Bridging the Gap Between Customer Expectations and Reality

customer expectation and reality

The first lesson we learn in sales 101 is – The customer is always right. Great customer experience is all about perception, so while brands may think they’re delivering what people want, at the end of the day, the customer’s perception is the only thing that matters. According to Forrester VP and Principal Analyst Brendan Witcher, there’s a huge gap between how well brands think they’re doing and the reality from their customers’ perspective. Forrester reports that 89% of the brands say they’re investing in personalizing the customer experience, yet only 40% of the consumers say the information they get from brands is relevant to their tastes and interests. Brands need to find effective ways to close this gap in order to strengthen the brand-customer bond, improve retention, and increase brand loyalty.

The GAP Model  

Broadly speaking, the customer expectation gap can be categorized into five categories according to the GAP Model. Designed by Parasuraman, Zeithalm and Berry in 1985, the GAP Model gives a clear understanding of customer expectations and satisfaction. It’s an industry-recognized and widely used method to analyze and point out flaws in management that are causing a drift between customer expectation and reality. Let’s look into the five categories of the GAP Model.

  1. The Knowledge Gap – The biggest disruption can be caused because of the knowledge gap, where the brand is simply not aware of what the customer needs and expects from the brand. The gap is further widened due to misleading advertisements.
  2. The Communication Gap – Another common disruption is caused because of the communication gap. This is when the advertisements or marketing campaigns are either misleading or projecting false ideas and notions. The communication gap severely hampers the brand’s image and credibility.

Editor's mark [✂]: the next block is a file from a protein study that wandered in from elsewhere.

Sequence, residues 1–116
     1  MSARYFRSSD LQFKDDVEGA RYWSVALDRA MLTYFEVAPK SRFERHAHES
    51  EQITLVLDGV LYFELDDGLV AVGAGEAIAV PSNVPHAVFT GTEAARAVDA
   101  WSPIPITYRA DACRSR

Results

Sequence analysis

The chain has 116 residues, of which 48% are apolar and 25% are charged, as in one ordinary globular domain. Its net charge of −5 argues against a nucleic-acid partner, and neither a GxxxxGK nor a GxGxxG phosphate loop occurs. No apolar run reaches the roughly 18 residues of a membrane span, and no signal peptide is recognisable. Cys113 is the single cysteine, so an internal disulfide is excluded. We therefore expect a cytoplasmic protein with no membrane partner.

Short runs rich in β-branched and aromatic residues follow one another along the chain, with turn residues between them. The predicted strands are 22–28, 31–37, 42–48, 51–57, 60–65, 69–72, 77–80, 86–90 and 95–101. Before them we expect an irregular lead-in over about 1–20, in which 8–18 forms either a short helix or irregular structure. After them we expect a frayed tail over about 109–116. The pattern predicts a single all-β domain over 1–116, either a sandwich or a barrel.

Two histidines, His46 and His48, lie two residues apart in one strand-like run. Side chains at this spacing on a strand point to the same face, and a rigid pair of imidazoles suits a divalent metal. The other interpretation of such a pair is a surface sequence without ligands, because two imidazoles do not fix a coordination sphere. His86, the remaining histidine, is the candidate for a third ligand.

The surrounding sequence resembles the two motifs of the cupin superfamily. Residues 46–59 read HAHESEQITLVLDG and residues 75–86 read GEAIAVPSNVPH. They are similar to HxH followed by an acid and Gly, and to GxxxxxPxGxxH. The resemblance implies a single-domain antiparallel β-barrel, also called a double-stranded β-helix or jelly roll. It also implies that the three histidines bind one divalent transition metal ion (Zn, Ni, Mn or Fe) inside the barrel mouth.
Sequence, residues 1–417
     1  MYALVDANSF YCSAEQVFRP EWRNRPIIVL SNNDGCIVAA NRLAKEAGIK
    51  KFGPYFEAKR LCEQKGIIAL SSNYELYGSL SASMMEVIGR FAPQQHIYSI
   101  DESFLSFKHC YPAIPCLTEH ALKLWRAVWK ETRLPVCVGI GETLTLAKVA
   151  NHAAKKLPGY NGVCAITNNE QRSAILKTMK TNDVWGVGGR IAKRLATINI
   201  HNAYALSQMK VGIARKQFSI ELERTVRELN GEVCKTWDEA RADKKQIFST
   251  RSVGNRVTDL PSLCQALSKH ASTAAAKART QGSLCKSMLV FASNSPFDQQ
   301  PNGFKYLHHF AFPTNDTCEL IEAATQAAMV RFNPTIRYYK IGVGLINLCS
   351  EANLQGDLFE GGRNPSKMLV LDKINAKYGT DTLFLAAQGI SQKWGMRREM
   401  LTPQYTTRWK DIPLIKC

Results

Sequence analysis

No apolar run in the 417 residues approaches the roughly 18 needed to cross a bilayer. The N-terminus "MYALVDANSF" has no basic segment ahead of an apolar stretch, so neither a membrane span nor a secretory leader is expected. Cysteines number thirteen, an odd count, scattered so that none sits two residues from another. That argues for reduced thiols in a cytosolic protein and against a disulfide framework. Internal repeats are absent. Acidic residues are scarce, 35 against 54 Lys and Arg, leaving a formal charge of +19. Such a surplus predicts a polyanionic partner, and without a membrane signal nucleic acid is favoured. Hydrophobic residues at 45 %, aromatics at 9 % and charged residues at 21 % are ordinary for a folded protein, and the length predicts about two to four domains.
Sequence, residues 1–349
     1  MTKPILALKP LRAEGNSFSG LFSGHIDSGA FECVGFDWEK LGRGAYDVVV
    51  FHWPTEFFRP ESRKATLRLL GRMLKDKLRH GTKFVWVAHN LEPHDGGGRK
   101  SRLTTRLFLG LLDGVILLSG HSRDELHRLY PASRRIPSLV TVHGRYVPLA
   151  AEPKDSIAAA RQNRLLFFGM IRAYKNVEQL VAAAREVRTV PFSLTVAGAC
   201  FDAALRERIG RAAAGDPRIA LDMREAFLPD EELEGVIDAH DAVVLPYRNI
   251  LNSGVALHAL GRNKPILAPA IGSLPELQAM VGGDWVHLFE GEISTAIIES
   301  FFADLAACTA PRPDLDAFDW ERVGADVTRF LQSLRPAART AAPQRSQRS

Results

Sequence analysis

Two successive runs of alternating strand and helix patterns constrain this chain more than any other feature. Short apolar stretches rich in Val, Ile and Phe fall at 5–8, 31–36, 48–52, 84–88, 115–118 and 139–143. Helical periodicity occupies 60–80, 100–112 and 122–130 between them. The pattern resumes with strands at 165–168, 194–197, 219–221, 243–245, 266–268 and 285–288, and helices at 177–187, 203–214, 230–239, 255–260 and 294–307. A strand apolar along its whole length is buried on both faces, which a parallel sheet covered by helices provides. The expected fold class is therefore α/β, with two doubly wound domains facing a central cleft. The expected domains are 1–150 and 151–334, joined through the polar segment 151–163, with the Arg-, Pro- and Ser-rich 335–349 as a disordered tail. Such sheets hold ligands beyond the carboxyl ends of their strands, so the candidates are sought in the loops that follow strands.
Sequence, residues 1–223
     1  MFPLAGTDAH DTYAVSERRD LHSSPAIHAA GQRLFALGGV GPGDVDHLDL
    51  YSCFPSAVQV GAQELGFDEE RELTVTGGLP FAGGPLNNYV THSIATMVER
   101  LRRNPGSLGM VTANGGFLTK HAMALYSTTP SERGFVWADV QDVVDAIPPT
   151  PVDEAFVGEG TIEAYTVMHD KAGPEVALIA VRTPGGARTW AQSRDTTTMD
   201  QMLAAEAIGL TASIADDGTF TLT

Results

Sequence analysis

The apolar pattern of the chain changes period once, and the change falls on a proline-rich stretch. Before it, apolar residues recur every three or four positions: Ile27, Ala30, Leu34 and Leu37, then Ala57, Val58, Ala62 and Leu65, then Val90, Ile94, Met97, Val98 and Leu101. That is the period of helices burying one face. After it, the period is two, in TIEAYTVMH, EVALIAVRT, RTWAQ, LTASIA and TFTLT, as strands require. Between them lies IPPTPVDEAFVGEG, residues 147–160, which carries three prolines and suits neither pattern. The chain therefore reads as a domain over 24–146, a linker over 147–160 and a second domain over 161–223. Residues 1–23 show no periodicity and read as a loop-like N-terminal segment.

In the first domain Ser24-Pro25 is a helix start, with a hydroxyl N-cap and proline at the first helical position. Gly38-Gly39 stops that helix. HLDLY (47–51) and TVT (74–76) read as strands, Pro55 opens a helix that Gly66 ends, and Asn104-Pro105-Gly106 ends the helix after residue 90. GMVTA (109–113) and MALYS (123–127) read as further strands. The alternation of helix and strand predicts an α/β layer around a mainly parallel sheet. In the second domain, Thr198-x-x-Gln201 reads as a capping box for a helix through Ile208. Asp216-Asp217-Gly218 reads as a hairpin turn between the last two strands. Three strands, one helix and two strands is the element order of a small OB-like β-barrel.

3. The Policy Gap – This gap is the result of misunderstanding or mistranslation of the company’s policy by the customer. If the management team is unsuccessful in communicating the company policy or intentionally misinterprets it in order to win the customer’s favor, it causes a drift.
  4. The Customer Gap – This gap refers to the difference between customer expectations and customer perception. The gap is caused by the expectation a customer has from a brand which could be triggered by marketing and advertisement campaigns, cultural and political notions, and how the customer perceives the brand after the transaction.
  5. The Delivery Gap – This gap occurs when the company promises or sets expectations for certain customer service and product quality and is unable to justify it. The delivery gap can also be a result of performance issues.

 

Closing the Gap

Expectations and satisfaction in balance - pictured as balanced balls on scale that symbolize harmony and equity between Expectations and satisfaction that is good and beneficial., 3d illustration